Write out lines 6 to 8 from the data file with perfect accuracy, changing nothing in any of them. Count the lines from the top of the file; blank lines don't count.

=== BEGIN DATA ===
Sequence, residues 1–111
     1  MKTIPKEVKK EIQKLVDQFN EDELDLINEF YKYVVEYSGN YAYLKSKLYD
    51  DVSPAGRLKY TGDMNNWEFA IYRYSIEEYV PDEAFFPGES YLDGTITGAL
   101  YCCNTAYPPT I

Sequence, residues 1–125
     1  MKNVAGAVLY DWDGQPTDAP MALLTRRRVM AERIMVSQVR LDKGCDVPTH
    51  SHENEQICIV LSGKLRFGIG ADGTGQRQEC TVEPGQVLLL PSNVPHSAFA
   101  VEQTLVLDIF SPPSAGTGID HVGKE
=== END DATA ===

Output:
     1  MKNVAGAVLY DWDGQPTDAP MALLTRRRVM AERIMVSQVR LDKGCDVPTH
    51  SHENEQICIV LSGKLRFGIG ADGTGQRQEC TVEPGQVLLL PSNVPHSAFA
   101  VEQTLVLDIF SPPSAGTGID HVGKE